Catching sight of an otter is something most of us treasure. Just a few centuries ago these animals were hunted on the Whiteadder Water. In his book ‘The Gateway of Scotland or East Lothian, Lammermoor and the Merse’ (1912), writer Arthur Granville Bradley (1850-1943) describes an unsuccessful hunt, although arguably successful for the otters themselves.

By the time Bradley was writing about the area, in the early years of the 1900s, otter hunting was already in decline. He describes them as being not unlike fox hunts with packs of dogs. By then he suggests there were probably only six such packs anywhere in Britain.

Bradley describes the owner of once such pack, one of very few in the North, a quiet Edinburgh man who regularly hunted in the Borders. He says he was a ‘lean, wiry, six-foot septuagenarian of prodigious vitality’. He would tour around the Lothian area in the still of the night and the early hours of morning in his hound van, and even sometimes slept in it. Bradley says his sole topic of conversation was ‘hounds and topography, so far as the latter related to the pursuit of otters.’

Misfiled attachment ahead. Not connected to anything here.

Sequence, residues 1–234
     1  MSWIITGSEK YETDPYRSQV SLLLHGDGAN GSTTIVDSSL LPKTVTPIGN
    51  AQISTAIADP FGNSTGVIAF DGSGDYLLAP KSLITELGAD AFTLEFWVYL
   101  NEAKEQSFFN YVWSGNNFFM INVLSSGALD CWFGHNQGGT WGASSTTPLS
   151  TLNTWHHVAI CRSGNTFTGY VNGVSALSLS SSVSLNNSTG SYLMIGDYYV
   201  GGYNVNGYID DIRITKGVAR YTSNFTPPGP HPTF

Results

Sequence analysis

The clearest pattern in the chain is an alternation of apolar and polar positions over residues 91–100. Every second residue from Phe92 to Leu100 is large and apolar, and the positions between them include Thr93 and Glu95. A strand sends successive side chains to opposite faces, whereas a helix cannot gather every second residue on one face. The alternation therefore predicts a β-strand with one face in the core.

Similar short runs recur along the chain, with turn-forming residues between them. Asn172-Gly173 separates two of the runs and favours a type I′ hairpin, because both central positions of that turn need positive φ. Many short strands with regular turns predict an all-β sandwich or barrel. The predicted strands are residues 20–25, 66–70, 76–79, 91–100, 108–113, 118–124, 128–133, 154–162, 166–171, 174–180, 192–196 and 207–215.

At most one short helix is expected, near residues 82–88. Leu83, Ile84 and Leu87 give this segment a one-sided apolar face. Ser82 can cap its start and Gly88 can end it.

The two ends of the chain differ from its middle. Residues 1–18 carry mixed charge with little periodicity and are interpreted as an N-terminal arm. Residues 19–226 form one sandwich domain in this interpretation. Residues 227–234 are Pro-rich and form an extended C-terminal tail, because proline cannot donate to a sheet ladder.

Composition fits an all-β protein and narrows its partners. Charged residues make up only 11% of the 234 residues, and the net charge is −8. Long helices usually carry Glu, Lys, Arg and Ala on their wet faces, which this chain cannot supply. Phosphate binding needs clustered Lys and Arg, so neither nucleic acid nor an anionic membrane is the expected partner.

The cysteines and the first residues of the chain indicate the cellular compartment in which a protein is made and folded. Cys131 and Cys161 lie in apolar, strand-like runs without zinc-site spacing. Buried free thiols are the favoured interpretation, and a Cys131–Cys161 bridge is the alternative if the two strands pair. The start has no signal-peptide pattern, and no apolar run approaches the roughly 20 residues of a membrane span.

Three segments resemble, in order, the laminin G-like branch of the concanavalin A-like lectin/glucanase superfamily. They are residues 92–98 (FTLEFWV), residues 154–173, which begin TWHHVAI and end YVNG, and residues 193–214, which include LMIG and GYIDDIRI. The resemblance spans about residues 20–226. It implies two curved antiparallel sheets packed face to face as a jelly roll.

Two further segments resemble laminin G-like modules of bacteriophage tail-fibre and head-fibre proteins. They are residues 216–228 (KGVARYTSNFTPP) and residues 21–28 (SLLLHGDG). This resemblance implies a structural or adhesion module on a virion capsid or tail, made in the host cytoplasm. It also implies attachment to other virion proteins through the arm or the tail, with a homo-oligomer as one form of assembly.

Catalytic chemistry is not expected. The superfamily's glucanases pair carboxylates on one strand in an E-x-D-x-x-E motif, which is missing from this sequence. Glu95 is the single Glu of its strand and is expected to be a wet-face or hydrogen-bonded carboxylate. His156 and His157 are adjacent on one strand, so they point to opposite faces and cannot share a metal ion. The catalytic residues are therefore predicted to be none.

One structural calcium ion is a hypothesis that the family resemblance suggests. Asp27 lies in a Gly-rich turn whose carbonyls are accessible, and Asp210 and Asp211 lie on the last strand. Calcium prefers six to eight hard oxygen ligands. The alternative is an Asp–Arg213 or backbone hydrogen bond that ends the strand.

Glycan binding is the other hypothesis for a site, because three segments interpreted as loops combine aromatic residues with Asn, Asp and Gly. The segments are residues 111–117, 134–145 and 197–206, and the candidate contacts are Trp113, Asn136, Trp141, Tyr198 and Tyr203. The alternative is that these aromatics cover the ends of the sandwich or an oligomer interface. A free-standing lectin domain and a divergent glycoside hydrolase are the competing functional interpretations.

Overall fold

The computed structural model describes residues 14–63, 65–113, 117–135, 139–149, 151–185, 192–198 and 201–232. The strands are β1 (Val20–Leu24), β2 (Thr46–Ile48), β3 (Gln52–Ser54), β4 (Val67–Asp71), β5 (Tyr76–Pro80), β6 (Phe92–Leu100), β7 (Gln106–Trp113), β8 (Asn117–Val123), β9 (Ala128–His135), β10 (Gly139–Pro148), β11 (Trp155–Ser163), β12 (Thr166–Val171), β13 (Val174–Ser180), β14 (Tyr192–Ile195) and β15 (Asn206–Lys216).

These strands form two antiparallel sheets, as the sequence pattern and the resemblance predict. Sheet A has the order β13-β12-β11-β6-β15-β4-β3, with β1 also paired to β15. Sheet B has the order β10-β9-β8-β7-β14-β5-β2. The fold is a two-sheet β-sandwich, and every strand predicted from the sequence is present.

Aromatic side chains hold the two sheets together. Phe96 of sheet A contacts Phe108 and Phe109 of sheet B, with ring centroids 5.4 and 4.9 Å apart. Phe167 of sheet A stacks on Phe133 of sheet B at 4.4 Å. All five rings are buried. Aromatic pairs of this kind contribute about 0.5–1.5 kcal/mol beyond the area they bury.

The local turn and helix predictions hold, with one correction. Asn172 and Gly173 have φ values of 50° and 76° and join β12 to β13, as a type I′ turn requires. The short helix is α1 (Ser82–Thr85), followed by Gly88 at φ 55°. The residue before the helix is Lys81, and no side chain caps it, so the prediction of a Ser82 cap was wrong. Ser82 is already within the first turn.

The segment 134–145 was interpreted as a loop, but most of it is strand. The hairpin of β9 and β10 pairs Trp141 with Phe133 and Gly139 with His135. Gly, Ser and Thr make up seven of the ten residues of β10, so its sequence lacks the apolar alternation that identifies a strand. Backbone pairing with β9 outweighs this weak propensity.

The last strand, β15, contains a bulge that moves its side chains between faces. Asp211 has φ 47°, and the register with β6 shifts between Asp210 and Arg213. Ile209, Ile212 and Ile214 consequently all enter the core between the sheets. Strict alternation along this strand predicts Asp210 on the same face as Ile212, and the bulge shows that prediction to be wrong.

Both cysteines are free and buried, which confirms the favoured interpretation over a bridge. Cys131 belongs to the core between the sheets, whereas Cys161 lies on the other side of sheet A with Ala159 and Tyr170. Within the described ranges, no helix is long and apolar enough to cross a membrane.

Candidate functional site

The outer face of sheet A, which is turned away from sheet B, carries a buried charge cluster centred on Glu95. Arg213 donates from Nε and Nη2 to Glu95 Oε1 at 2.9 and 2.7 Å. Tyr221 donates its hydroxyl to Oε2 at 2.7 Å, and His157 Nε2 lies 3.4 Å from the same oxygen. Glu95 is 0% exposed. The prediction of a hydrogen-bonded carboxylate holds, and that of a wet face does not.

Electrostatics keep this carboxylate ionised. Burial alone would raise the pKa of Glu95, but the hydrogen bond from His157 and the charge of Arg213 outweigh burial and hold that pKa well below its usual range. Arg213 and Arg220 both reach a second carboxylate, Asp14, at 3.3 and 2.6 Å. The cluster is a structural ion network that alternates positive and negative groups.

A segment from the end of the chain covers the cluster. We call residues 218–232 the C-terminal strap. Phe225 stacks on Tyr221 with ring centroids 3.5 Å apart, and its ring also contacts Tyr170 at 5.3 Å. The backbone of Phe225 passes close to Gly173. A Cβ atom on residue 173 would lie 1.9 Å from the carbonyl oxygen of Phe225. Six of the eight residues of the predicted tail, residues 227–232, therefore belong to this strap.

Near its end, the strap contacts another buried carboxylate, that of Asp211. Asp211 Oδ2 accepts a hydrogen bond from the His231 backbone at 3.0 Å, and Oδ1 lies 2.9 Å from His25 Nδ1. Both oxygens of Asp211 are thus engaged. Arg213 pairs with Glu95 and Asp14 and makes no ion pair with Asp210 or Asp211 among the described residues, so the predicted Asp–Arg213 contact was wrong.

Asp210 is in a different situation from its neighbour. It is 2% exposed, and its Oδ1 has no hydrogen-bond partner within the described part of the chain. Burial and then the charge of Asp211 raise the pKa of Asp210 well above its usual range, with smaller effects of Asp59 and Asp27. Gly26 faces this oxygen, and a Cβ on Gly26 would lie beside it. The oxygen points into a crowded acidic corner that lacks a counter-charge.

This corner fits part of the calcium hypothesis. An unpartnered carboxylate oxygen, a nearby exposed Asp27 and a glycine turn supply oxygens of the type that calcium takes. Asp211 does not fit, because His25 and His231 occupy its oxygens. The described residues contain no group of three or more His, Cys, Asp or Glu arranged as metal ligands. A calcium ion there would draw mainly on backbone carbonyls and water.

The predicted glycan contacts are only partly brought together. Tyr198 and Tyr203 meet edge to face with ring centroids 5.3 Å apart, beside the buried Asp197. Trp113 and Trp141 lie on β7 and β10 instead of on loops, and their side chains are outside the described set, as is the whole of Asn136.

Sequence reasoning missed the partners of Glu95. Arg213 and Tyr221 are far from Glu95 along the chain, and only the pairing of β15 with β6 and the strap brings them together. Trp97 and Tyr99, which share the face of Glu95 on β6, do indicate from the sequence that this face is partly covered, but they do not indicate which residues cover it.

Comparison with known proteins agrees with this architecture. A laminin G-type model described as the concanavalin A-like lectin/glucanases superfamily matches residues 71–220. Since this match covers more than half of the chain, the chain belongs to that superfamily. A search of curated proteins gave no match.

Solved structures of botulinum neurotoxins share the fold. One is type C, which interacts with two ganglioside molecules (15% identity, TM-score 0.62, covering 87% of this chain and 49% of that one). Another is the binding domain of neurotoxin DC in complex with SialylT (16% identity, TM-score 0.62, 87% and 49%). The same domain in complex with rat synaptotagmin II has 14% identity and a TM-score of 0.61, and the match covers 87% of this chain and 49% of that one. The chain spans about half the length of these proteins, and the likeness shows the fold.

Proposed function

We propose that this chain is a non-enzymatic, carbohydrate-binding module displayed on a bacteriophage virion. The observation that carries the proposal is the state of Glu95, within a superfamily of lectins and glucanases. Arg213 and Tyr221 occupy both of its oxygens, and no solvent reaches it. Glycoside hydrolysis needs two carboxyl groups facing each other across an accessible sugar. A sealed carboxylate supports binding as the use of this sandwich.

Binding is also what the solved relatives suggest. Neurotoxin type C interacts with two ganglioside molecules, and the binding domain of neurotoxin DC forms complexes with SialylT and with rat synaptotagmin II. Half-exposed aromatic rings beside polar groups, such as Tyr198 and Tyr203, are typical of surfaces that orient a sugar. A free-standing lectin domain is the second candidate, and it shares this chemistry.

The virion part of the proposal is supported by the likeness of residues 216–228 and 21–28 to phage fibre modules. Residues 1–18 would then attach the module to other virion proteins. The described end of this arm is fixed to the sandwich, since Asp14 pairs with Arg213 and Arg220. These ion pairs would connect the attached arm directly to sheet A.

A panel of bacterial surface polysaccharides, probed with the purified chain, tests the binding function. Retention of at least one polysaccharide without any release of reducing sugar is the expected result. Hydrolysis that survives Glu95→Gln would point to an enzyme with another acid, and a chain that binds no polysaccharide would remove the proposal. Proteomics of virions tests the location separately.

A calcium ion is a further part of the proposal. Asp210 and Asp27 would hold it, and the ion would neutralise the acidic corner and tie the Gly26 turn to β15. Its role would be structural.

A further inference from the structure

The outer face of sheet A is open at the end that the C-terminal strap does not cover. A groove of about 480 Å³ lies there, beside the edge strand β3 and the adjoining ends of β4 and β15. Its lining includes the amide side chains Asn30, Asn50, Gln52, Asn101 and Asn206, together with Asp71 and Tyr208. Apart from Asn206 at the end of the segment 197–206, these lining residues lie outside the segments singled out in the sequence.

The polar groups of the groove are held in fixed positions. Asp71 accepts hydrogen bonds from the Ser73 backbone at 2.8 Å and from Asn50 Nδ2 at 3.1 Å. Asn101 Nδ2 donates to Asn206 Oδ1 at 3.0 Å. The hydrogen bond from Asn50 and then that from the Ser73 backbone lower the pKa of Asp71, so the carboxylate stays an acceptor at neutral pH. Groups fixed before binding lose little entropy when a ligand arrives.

What struck Bradley most about this man was his pace. He recalls a June morning, setting out from Ellemford at dawn and walking to Chirnside some eight miles away:

‘Here the old gentleman and his hounds were already on the river, and we followed them for many miles up and for many miles down. Two successive otters, I note by the journal, defied the old man, and by the time we got back to our mutton, about three o’clock, I see the distance covered set down by the same author at thirty miles.’

Having walked this unusually long distance by mid-afternoon the pair then went out fishing on the Dye Water for the rest of their day.